Stanger, the Wagstaff family, and general manager/restaurant marketing professional JD McLelland got to work on opening the restaurant. The building was initially intended for the Wagstaff’s and local kids to have summer jobs to sell boating rentals and equipment and sling around some hamburgers and tacos. Then, they refurbished the building into a cozy modern restaurant.

Local nixtamalized squash and grass-fed Painted Hills beef tenderloin is a hearty fresh autumn meal. Photo: courtesy Dishing Park City.

She feels that many people have lost touch with food and the art of agriculture. Understandably so, with everything pre-packaged and based on convenience, it’s easy to allow that disconnect to form and grow when life is so fast-paced. Stanger hopes to shed light on Utah’s unique agriculture and educate visitors and Utahns about its rich food and history.

We want to make Utah food distinctive, and we also want to change the idea that it’s only green Jell-O and fry sauce, even though I love some of those things! But it’s so much more than that.

“We want to make a change here in Utah and educate a lot of people about what [our native] food is; that’s our mission. We want this to be the destination place when someone from out of state comes, and they want to experience Utah. We want to make Utah food distinctive, and we also want to change the idea that it’s only green Jell-O and fry sauce, even though I love some of those things! But it’s so much more than that. We really think that, especially in this area, like Park City, Sundance, Heber, and Salt Lake City, our food scene can hold up to metropolitan areas around the country for food. People travel for food; we want that to become here.”

She focuses on locally sourced, approachable ingredients. The menu wassn’t created for high-class foodies; it’s for everyone. Utah corn, squash, wild game, vineyard fruits, and garden vegetables share the starring role for each intentional dish.

Stanger also offers around three to five homemade desserts at any given time. Like the main menu, the options change with the seasons and availability of ingredients. In her retired life (a ways away), she hopes to open a pie shop to follow her true love of baking. See below for one of her spectacular pie recipes.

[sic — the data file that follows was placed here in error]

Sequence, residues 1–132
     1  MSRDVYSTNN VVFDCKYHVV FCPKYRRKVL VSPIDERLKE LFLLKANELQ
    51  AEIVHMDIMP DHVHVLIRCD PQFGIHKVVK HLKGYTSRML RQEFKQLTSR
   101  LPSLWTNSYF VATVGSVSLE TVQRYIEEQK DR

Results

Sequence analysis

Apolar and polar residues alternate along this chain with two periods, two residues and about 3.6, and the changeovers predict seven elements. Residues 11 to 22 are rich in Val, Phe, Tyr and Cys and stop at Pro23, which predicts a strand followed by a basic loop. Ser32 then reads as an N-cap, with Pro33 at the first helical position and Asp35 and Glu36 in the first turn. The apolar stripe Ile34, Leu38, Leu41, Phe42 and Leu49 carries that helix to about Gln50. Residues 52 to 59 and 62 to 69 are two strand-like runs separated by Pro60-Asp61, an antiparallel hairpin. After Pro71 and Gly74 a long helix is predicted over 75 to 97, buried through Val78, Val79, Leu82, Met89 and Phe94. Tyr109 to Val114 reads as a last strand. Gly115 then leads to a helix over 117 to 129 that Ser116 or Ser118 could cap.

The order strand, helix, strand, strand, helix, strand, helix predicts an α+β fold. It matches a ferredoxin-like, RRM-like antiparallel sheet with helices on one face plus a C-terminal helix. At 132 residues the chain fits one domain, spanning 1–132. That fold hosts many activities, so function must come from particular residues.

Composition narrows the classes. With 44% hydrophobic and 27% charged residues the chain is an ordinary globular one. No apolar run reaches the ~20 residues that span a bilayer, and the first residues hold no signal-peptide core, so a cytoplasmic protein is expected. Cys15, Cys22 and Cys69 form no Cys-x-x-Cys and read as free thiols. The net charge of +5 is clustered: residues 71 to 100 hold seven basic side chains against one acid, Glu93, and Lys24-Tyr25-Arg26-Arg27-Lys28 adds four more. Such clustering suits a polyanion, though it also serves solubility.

Menus will change by the season, and the Lakehouse intends on hosting educational and delicious events and collaborations in the future. The Lakehouse is open Wednesday through Sunday from 4:00 to 9:00 PM and Friday to Sunday for brunch from 10:30 AM to 3:00 PM.

Black Walnut, Chocolate, & Blue Corn Whiskey Pie

Crust: In a food processor, combine:

1 C All-Purpose Flour

¼ C Finely Ground Black Walnuts

1 T Sugar

¼ tsp Salt

½ C Cubed Butter

2 T Cold Water

Pulse until a ball is formed, then remove and press into a 12” pie plate.

Chill for at least 30 minutes.

Filling:

3 Eggs

1 C Sugar

¾ C Dark Corn Syrup

½ tsp Vanilla

3 T Blue Corn Whiskey

¼ tsp Salt

¼ C Melted Butter

2 oz Bitter Dark Chocolate

2 C Black Walnuts, coarsely chopped

Beat eggs until frothy and add sugar, continuing to beat until fluffy. Stir in corn syrup, vanilla, whiskey, and salt.

Melt butter and stir in chocolate until it is smooth and melted.

Whisk together egg and butter mix.

Fill the bottom of the pie crust with walnuts. Top with custard mix.

Bake at 350 degrees for 45-55 minutes until set in the center.

Serve with a generous scoop of vanilla ice cream and a neat pour of whiskey.

Chef’s Special: Tamara Stanger